Following Operation Desert Storm, some military analysts foreshadowed a Revolution in Military Affairs (RMA) was under way. The overwhelming victory of the U.S.-led coalition, thanks in part to the U.S. military’s use of stealth, advanced sensors, and precision-guided weapons to devastate Saddam Hussein’s forces, suggested to some that the very character of war was changing. Upon being named secretary of defense for the incoming Bush administration, Donald Rumsfeld pushed to fulfill a promise the new president had previously made on the campaign trail to “transform” the U.S. military based on these assumptions.
The results of the “transformation” effort were largely underwhelming, which raises an important question about whether the Pentagon’s current “offset strategy” faces a similar fate today.
As discussed here previously, the Department of Defense has begun making investments in some of the capabilities that will make up the offset strategy in its fiscal year 2017 budget request. Deputy Secretary of Defense Robert Work has described such futuristic possibilities as human-machine teaming, increased autonomy, leveraging big data, and the use of additive manufacturing.
Similarly, a Pentagon office stood up in 2012 and, known as the Strategic Capabilities Office (SCO), has been running conceptual experiments that marry existing weapon systems to cutting edge commercial technologies. The SCO had been shrouded in secrecy until recently, with the Washington Post providing a brief profile of the office, and its physicist director, William Roper, following revelations about the office Secretary of Defense Ashton Carter made when announcing the 2017 budget request. And as Politico reported last week, Roper said in testimony before the Senate Armed Services Committee that the office has “produced 15 projects and 23 capabilities in three years.”
One capability Roper highlighted in particular was an “arsenal plane,” a prototype of which he said can be built and tested by fiscal year 2020. According to the Post’s report:
[The concept] calls for an undisclosed plane to carry a variety of weapons that can be directed by nearby stealth fighters like the F-22. The Pentagon wants to build a prototype next year, and says it could be ready for combat by the 2020s, Roper said.
“We don’t have to develop new planes,” Roper said. “We don’t have to develop fundamentally new weapons. But we have to work the integration and the concept of operation. And then you have a completely new capability, but you don’t have to wait long at all.”
And the new concept of operations is key. The question is whether those who conduct operations—the military services—will accept what Roper is selling. Secretary Carter suggests in the Post story that they are eager to. There are, however, reasons to be skeptical of that claim.
The capabilities and ideas underpinning the RMA and Donald Rumsfeld’s transformation effort mentioned above also emerged from Pentagon offices. The networked computing systems developed by the Defense Advanced Research Projects Agency (DARPA), which famously served as a prerequisite for the internet, also became the means to near-instantaneous battlefield information collection and communication. DARPA similarly facilitated the development of advanced stealth technologies. Stealth and advanced networked sensors, combined with long-range precision-guided munitions, enabled the overwhelming victory in Desert Storm that supposedly portended a discontinuity in warfare.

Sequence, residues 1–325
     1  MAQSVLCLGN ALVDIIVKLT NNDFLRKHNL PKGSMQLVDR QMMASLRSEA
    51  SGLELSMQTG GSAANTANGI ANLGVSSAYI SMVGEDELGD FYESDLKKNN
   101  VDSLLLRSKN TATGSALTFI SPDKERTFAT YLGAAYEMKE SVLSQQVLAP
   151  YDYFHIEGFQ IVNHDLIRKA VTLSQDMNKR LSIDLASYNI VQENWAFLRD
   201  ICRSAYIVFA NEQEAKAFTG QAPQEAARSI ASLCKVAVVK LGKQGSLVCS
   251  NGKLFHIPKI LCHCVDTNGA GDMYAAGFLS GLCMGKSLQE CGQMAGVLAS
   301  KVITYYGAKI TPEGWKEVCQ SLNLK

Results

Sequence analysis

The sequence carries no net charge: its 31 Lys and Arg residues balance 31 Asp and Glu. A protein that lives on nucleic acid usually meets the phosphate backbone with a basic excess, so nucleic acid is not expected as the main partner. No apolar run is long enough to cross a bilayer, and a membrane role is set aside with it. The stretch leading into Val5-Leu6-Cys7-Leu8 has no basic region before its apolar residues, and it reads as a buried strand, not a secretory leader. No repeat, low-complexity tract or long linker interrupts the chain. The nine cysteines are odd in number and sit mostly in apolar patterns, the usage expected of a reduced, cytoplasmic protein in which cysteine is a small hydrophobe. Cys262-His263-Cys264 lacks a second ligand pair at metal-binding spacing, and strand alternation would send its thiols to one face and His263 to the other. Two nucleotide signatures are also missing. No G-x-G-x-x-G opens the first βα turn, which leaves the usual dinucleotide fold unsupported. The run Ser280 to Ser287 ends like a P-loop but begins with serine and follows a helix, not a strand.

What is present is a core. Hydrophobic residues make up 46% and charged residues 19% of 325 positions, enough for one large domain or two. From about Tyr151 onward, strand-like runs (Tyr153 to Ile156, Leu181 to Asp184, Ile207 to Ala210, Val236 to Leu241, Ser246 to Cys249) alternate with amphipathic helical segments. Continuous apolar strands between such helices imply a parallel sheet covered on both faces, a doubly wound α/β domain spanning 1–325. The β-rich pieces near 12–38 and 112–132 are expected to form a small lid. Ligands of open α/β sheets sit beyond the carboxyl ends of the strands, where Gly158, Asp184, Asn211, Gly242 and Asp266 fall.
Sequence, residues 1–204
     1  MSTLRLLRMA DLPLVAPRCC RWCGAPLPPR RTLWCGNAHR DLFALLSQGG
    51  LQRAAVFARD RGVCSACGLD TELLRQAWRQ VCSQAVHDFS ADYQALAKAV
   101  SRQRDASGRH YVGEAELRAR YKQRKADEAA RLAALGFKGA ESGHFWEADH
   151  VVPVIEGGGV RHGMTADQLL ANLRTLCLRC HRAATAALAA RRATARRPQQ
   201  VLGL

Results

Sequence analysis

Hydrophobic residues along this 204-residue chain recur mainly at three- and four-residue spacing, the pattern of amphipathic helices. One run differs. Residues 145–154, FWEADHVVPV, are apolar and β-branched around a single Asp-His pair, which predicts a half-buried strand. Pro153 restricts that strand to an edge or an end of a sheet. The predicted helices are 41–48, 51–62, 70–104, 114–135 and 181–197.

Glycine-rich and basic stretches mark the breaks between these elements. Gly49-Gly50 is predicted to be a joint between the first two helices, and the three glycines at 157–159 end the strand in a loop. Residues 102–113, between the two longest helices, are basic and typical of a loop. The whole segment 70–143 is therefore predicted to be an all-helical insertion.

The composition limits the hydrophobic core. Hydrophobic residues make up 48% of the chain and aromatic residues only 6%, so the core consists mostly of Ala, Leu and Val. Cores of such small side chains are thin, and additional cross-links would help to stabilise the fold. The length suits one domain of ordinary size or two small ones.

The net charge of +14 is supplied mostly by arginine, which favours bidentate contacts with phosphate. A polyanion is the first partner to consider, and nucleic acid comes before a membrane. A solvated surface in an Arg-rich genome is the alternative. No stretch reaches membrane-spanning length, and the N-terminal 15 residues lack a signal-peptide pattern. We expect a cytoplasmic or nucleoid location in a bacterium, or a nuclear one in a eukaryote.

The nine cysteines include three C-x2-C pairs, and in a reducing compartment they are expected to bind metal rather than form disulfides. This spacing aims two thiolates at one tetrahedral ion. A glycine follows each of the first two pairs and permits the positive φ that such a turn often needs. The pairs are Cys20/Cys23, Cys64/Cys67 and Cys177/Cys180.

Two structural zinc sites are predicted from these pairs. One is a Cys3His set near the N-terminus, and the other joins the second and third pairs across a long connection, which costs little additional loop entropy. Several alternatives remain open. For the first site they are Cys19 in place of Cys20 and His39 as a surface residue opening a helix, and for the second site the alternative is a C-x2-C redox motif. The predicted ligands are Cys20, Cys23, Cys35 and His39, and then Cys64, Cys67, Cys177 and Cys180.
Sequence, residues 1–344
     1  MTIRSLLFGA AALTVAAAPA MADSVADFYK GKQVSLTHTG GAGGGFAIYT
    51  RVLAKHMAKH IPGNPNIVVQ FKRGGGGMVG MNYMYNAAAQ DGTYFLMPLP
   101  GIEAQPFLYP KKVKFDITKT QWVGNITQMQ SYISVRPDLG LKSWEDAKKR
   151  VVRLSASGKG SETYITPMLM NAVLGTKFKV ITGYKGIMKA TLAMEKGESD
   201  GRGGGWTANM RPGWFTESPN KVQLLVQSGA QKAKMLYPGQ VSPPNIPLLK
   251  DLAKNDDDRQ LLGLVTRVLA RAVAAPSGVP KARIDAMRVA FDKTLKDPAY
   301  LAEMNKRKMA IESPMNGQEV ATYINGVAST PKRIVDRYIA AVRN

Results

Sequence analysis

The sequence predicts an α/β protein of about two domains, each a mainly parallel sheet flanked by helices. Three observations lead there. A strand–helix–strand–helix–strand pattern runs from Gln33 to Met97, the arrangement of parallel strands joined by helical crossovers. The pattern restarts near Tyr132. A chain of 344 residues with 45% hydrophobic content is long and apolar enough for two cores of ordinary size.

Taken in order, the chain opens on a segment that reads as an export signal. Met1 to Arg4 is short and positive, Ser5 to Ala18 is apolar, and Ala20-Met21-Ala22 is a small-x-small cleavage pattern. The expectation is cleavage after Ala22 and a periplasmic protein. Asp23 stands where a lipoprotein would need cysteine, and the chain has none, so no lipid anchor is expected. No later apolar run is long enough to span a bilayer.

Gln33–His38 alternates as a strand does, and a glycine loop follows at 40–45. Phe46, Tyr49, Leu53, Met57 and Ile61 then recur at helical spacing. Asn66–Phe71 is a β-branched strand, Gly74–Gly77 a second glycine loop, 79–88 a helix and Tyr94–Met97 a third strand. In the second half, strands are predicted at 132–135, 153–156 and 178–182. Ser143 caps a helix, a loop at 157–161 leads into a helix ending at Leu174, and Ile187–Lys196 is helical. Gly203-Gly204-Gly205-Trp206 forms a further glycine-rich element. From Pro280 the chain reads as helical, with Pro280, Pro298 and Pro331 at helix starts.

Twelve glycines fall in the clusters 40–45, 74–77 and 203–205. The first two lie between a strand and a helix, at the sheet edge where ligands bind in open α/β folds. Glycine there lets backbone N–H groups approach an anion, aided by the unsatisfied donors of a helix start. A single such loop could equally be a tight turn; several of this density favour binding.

Yet technology was only part of the RMA puzzle, as U.S. military force structure and doctrine used in Desert Storm had changed little since the end of World War II. Conceptualization of the hypothesized RMA came from another Pentagon office. Analysts in the the Office of Net Assessment (ONA), working under the legendary Andrew Marshall in the 1980s, read Soviet writings about the revolutionary potential of new U.S. military technologies—what Marshal Nikolai Ogarkov, chief of the Soviet General Staff, termed the “military-technical revolution.” ONA analysts suggested the U.S. military was poised to exploit the new revolution—but, as political scientist Dima Adamsky notes in his study of the RMA, as an advisory body to the Office of the Secretary of Defense, ONA had little bureaucratic weight to implement necessary force structure and doctrinal changes on the military services.
With Rumsfeld embracing the RMA upon taking over at the Pentagon, theoretically there should have been greater impetus for change. He stood up the Office of Force Transformation under Vice Admiral Arthur Cebrowski, a leading advocate of network-centric warfare. But as they had in previous defense policy reviews, the military services stymied efforts to transform structure and doctrine during the 2001 Quadrennial Defense Review. The services were happy to accept the new technology that came with the transformation effort, but as they had since the end of the Cold War, they fought back against changes to the doctrine and force structure.
“Transformation” inevitably became a buzzword around the Pentagon to justify the military services desires, as well as a clever marketing device by the defense industry to sell technologically advanced versions of current systems. Does the offset strategy risk falling into the same trap?
William Roper’s efforts with the SCO are admirable and necessary. Finding new ways of using existing system, particularly marrying them to cutting edge commercial technology, is a cost-effective way of dealing with the diffusion of military power stemming from technological proliferation. But his conceptual experimentation will only matter so far as the military services accept it and make the necessary changes to exploit it. History provides reasons to doubt that will happen.